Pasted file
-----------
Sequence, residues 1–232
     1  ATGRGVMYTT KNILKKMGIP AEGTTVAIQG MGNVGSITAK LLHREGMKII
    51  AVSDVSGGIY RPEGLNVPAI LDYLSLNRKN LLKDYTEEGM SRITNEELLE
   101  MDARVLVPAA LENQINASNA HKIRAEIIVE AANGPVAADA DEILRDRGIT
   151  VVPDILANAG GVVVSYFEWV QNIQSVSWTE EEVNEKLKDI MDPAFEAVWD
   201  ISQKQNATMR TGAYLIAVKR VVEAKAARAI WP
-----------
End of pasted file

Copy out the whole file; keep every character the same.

Sequence, residues 1–232
     1  ATGRGVMYTT KNILKKMGIP AEGTTVAIQG MGNVGSITAK LLHREGMKII
    51  AVSDVSGGIY RPEGLNVPAI LDYLSLNRKN LLKDYTEEGM SRITNEELLE
   101  MDARVLVPAA LENQINASNA HKIRAEIIVE AANGPVAADA DEILRDRGIT
   151  VVPDILANAG GVVVSYFEWV QNIQSVSWTE EEVNEKLKDI MDPAFEAVWD
   201  ISQKQNATMR TGAYLIAVKR VVEAKAARAI WP